Callum Roberts: This practice is no good for fishermen or fish

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Discards are wasteful, damaging and need to be stopped. And measures to bring them to an end are long overdue. Good money is spent catching fish that you then have to throw away with little prospect of them reviving. It's a crazy waste of marine resources and of the effort put in by fishermen. Discards are a big problem for most of the seas around the UK. They cause unwanted mortality in fish stocks and they undermine fishery management. They are no good to us as consumers, they are no good to the health of fish stocks and they are no good to the fishermen.

One of the worst practices is known as "high grading". People do it all the time. It's when fish already caught are discarded to make room for other, more profitable catches. It might be that a skipper has a good catch at the end of a trip so gets rid of some of the older catch because they're not as fresh and he doesn't want to go over his quota. Or it might be because the species in the net is more valuable than the species in the hold.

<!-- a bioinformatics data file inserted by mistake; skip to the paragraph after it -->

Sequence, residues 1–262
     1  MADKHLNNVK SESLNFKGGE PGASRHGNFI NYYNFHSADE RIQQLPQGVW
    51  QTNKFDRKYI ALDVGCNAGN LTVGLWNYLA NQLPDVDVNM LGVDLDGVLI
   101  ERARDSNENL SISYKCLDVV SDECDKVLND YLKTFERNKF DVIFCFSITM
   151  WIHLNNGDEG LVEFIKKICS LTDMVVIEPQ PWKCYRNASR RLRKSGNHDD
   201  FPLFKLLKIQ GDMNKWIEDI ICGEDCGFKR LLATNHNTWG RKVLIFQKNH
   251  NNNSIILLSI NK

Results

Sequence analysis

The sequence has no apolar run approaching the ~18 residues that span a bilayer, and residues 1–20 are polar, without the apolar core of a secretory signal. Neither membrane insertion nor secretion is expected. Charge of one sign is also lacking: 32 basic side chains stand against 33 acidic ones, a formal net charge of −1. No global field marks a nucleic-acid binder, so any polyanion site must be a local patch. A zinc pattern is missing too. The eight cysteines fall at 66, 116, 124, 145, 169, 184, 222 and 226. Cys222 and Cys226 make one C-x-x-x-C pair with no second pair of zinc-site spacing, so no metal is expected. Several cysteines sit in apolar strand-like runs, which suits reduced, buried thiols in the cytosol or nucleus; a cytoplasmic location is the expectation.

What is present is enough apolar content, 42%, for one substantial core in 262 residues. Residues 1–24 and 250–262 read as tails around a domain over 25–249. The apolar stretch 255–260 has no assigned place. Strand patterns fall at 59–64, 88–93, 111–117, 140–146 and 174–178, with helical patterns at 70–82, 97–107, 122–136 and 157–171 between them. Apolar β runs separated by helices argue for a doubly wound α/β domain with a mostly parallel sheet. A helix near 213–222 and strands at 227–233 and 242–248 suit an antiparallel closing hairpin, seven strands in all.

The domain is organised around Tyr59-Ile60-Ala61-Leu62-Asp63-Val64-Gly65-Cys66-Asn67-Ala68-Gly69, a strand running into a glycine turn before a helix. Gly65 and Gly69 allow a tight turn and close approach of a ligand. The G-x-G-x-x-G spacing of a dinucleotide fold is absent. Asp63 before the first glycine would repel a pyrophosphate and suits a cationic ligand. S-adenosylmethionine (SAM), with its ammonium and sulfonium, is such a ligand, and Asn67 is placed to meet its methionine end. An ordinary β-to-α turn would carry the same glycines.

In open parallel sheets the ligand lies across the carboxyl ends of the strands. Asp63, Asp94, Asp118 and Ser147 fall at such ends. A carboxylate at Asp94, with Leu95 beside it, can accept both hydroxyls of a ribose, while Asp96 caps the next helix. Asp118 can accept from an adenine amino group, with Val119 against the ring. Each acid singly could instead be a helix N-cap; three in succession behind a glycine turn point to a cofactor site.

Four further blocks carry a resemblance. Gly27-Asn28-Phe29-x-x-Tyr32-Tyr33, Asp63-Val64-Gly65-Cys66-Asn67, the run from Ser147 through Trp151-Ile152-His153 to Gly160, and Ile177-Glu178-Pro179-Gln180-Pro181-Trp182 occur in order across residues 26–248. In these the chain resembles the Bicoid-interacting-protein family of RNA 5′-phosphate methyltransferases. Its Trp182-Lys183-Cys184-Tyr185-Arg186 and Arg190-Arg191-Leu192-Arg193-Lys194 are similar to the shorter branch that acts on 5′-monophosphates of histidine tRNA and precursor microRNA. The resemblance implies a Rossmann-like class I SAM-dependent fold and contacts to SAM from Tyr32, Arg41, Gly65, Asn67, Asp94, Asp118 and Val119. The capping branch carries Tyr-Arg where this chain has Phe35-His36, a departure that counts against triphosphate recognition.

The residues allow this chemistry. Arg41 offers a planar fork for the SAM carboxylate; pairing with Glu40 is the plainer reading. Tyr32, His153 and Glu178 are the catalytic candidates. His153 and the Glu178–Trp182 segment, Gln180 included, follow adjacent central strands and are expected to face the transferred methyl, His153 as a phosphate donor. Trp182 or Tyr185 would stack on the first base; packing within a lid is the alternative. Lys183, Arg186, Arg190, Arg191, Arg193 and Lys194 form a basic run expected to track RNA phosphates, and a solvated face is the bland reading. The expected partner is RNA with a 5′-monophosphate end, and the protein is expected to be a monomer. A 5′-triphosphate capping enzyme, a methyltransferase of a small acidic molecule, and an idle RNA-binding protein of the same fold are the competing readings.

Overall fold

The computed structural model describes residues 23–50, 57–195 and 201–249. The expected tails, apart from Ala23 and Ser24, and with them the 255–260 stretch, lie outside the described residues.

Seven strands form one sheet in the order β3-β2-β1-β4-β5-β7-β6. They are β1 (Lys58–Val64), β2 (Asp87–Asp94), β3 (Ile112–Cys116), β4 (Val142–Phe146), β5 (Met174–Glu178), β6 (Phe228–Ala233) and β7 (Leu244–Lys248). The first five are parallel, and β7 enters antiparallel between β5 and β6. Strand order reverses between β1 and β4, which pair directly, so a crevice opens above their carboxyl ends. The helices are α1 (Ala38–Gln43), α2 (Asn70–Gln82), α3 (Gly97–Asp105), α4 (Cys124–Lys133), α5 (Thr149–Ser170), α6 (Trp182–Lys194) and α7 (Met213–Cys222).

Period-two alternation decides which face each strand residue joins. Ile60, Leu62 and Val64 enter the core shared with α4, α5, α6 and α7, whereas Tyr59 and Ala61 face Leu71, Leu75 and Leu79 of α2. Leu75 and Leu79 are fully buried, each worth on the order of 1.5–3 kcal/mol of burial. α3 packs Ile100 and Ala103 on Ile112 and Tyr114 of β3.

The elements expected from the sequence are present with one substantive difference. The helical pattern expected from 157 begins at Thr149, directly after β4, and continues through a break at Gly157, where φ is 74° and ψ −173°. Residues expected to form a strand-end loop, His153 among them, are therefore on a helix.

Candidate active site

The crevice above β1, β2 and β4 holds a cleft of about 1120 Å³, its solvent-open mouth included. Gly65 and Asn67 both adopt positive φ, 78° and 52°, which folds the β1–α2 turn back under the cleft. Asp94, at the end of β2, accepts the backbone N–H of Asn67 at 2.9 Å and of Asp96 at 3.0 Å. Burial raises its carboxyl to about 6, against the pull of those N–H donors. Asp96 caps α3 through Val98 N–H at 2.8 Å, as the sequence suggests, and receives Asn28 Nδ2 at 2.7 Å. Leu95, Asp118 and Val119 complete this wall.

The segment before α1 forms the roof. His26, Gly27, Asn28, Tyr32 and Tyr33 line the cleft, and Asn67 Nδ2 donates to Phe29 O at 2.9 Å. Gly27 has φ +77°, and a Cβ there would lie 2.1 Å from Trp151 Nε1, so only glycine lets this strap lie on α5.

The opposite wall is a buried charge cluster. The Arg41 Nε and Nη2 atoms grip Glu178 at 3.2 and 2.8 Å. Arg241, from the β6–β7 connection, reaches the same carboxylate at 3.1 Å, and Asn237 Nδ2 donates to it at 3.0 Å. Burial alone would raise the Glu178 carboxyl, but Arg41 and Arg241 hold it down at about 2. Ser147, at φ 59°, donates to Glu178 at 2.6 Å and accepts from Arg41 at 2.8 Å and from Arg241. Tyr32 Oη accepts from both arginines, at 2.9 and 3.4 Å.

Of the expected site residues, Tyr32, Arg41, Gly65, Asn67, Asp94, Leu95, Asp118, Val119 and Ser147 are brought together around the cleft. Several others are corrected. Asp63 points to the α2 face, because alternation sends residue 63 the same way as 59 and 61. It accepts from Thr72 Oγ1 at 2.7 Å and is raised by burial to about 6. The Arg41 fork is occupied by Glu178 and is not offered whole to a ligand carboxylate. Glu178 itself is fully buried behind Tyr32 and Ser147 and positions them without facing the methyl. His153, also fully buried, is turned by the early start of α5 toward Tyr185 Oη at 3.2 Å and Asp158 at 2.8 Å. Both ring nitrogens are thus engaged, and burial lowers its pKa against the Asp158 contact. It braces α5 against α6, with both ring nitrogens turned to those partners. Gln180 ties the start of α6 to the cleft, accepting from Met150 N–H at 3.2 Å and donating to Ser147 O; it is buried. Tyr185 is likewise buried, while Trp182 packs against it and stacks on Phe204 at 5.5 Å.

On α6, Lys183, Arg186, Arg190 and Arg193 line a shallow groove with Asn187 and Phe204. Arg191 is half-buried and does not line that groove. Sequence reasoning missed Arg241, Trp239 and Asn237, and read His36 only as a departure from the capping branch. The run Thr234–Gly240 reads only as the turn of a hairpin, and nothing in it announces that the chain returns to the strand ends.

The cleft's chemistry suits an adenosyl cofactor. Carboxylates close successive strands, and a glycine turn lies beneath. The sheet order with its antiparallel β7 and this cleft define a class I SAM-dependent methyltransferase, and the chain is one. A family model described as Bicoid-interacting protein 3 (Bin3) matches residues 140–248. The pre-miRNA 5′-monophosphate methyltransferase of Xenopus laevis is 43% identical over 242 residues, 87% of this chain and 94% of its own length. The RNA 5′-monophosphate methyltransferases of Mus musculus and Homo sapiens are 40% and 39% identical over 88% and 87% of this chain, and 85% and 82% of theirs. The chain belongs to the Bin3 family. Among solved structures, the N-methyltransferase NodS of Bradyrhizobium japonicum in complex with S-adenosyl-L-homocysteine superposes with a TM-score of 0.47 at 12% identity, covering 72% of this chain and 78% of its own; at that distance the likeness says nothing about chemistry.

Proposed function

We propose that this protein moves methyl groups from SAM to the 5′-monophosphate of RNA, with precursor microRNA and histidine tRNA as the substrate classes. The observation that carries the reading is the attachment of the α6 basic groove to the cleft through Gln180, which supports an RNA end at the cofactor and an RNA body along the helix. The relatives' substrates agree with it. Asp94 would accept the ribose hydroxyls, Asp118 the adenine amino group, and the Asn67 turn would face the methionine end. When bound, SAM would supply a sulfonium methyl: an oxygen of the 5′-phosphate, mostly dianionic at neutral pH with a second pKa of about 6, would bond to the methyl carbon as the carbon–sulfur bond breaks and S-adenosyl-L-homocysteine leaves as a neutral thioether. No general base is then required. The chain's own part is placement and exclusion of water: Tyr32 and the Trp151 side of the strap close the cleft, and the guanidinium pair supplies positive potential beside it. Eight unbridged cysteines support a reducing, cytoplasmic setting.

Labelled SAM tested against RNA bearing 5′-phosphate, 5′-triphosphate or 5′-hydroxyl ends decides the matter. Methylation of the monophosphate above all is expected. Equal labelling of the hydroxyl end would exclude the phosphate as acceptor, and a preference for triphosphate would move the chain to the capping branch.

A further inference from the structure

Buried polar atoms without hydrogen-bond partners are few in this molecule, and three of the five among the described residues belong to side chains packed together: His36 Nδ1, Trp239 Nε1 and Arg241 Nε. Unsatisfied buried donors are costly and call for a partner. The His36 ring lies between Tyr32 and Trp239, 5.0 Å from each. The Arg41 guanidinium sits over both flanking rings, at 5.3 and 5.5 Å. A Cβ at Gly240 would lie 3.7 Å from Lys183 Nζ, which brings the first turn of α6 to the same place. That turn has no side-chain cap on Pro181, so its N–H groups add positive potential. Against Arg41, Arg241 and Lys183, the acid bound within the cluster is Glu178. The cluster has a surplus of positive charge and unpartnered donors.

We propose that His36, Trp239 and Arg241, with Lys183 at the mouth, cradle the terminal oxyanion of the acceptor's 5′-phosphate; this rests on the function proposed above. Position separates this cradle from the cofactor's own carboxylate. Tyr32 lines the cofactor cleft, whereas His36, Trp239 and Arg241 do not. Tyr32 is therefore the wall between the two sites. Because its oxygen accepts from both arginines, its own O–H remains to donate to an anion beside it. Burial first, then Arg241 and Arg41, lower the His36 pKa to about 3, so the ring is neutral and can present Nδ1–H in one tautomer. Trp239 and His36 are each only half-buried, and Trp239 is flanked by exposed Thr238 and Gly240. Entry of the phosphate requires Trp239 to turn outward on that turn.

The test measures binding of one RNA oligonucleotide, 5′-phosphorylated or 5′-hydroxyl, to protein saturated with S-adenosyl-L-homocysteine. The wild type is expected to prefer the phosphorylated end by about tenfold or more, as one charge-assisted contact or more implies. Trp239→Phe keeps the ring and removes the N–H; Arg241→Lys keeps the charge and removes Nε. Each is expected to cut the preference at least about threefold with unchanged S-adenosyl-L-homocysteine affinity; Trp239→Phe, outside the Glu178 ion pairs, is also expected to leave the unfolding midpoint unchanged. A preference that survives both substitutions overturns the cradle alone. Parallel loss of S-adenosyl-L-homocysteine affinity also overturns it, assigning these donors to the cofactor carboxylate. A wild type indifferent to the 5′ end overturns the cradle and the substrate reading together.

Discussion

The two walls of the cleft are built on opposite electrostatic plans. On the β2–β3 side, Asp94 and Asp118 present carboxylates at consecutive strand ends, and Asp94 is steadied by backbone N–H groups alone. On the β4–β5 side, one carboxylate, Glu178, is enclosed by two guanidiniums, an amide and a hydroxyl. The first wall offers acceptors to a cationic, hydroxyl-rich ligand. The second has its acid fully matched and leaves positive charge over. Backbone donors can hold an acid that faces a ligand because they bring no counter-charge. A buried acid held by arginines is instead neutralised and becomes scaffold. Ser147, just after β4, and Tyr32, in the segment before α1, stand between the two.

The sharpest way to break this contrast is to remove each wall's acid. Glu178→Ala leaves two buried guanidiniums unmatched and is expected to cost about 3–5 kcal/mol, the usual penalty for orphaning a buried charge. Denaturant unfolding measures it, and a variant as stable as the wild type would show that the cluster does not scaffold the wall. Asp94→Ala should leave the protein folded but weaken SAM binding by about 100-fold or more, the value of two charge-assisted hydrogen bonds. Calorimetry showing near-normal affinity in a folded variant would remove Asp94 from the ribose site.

I have been calling for a ban on discards for several years and to do that we need to reform the Common Fisheries Policy and the system of quotas. Our quota system in Europe talks of Total Allowable Catch, TACs, but what it really means is Total Allowable Landings. Fish landed are recorded but discards don't find their way into the statistics.

We need a system where fishermen land what they catch, backed up by monitoring to make sure it works. Then we would know exactly how many fish have been taken and can adjust fishing properly to levels the stocks can sustain.

Professor Callum Roberts, of the University of York and author of 'The Unnatural History of the Sea', which charts the decline of fish stocks over the last millennium, is one of the world's leading fisheries researchers

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